After I finished Genki 1 and 2, I was able to start picking up novels, but I very much didn't understand every word, or every sentence. Heck, I still don't now, and I've passed JLPT 1 and know at least 2200 kanji. Don't let it get to you. Look up the words that are necessary for the story, catch the rest through context, and accept that sometimes a sentence just doesn't quite make sense. It's the same in English, isn't it?

(On the other hand, sometimes it is necessary/a good experience to look up every word you don't know. I'm doing that now with a short magazine, and a lot of the words are popping up in other places as well, which always makes me happy.)
3rd-May-2009 02:35 am (UTC)
I love it when this happens! I recently learned a bunch of new words and more than half of them turned up in a new drama I'm watching. It really is a good feeling =D
3rd-May-2009 01:51 am (UTC)
Your story quite scared me a bit cause I just started learning the language formally last month. Now I really still have a long way to go.

But I'm really amazed with what you had accomplished for a year. I'm now inspired to do it too. ^___^
3rd-May-2009 03:57 am (UTC)
Heh, I have a long way to go too.

And you can do it! I got really absorbed into studying so I spent a lot of time on it daily to accomplish that much. Just takes a lot of dedication and time. My problem is I'm way ahead in reading ability but way behind in composition and speaking.
3rd-May-2009 03:28 am (UTC)
Maybe it's just me, but I come across words in *English* that I don't know all the time! I still need to check spelling sometimes and there are words that I thought I knew the meaning of, but actually didn't.

3rd-May-2009 03:52 am (UTC)
This is true. English is my main language, second language, but I have pretty strong spelling and grammar. I will sometimes look up words in an English dictionary, but it's not very often.

In Japanese it's like billion-fold because its vocabulary is huge.
3rd-May-2009 05:52 am (UTC)
I suggest watching a lot of Japanese variety TV. Trust me, it helps! You get to hear a lot Japanese that you don't learn in books. I've been doing that for the majority of my study and I feel like every time I watch, I become much more closer to fluency. One of the things I like to do when watching is jot down phrases or conversations between people that I don't understand, look up and/or learn the kanji, then record them in a book dedicated solely to various Japanese sentences.

For example, I was watching one of my favorite JTV shows today and there was a particular exchange that I liked between two people. Asan was talking about the impression she had of a person (Csan) and she said:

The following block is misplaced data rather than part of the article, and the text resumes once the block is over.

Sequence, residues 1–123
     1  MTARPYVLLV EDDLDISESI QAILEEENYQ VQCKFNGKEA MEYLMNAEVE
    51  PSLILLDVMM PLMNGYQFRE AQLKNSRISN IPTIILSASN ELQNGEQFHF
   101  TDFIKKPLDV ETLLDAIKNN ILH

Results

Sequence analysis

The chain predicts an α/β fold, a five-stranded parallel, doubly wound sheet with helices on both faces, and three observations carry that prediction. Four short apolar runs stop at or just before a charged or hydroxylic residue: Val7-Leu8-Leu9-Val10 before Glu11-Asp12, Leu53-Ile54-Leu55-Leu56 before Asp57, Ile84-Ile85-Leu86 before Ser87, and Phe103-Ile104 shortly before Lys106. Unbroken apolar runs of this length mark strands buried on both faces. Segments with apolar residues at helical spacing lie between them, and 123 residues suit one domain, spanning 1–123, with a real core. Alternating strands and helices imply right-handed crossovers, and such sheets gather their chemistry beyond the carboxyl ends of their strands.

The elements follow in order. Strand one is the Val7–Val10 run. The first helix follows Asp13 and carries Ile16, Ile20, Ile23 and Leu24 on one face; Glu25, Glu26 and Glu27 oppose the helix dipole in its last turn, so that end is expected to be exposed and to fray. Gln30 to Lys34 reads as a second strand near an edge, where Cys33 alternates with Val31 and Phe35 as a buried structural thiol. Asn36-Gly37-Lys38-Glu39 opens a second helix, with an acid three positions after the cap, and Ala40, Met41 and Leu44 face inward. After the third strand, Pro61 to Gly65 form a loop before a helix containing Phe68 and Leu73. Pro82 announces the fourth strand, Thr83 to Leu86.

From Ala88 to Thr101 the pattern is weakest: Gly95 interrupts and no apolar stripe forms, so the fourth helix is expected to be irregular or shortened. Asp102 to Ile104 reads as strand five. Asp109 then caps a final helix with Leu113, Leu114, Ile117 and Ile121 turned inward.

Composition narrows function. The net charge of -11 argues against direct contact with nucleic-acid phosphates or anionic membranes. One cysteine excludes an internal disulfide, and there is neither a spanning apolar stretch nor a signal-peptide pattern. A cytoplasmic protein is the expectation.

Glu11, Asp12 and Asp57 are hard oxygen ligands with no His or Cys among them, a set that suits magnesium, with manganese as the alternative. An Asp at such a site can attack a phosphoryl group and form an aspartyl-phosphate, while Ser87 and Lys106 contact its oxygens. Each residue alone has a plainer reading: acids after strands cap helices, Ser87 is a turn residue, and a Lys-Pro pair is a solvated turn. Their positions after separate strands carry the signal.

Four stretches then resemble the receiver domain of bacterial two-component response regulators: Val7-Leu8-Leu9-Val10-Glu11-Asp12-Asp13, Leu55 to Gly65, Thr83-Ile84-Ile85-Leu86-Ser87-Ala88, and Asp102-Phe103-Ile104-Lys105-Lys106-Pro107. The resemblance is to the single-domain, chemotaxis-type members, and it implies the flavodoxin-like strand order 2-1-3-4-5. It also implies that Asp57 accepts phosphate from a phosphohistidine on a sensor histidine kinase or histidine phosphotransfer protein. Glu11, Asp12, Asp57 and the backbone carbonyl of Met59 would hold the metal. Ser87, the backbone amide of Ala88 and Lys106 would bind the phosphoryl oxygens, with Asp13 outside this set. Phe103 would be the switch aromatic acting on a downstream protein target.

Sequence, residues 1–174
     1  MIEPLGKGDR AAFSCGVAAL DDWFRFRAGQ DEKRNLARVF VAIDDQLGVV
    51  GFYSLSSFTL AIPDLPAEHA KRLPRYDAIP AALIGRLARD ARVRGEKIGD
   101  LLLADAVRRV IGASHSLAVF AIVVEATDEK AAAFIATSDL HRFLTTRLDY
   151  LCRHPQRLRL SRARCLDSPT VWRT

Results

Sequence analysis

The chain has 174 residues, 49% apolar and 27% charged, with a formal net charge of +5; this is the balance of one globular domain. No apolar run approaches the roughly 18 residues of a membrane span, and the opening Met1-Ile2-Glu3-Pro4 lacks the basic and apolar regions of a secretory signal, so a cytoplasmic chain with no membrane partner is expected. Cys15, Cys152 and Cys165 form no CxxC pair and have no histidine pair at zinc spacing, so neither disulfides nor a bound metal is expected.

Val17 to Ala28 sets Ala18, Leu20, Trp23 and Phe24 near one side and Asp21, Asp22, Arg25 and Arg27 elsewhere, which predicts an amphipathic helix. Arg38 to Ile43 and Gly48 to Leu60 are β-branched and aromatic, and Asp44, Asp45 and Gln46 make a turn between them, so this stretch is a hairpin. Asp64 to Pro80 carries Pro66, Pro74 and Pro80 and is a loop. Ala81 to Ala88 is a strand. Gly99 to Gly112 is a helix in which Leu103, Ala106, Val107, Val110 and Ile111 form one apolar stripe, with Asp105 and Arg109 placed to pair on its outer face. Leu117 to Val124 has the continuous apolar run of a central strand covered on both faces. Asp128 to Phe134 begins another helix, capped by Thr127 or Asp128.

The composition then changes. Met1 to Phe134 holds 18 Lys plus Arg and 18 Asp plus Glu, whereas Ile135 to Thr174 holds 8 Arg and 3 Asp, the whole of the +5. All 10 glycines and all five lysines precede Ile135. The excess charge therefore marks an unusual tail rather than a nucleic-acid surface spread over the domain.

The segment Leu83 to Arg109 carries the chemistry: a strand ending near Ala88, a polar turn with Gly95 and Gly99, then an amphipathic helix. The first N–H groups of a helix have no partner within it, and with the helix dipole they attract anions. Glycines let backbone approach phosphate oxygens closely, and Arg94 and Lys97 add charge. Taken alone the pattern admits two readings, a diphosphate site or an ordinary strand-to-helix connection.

Aさん: 優しいお兄ちゃんという感じちょっと…
Bさん: 感覚的に一番幼いからそう思うんでしょ
Cさん: ちょっと心外だなぁ

Prior to watching this, I didn't know what 幼い or 心外 meant. When I looked them up afterward, I understood the whole exchange.

頑張って!
3rd-May-2009 06:29 pm (UTC)
Thanks for the tip. I would have never thought of that, because I'm quite TV-illiterate. *chuckle* I don't have Japanese TV, but I suppose there's Nico Nico or Youtube. ^^ Now, I just need some title suggestions to start because I really am lost when it comes to TV.
3rd-May-2009 10:06 am (UTC)
I only have about 700 or so Kanji under my belt and I'm mostly tackling the manga I have okay... and I just finished playing Final Fantasy 5 (it's pretty basic level Japanese... going to move onto 6 next).

The manga I'm reading are Genshiken and Sketchbook, which are both mangas with where I've already watched the anime for.

Sketchbook is pretty much Peanuts/Comic Strip level I guess - and I hear it's similar to Azumanga Daioh! (which I'm going to get next) - and is easy to just have little bites of.

With Genshiken the anime follows the manga pretty well so it helps that I've already heard what I'm reading. Also since it's about university students it has a bit more vernacular in it which is quite nice.

Also I have Shuna no Tabi a nice little illustrated story book by Hayao Miyazaki and Majo no Takkyubin - the book that Kiki's Delivery Service was based on.

I'd say that what I have at the moment are all pretty easy reading level and I'd say that I'm quite happy with that. I don't really know of any other stuff I want to read at the moment and too many mangas have a ridiculously large number of volumes as far as I'm concerned. ^_^
3rd-May-2009 07:36 pm (UTC)
Thanks for the suggestions. I've never heard of those, then again I don't keep up with anime. I'll try to check them out if I get time.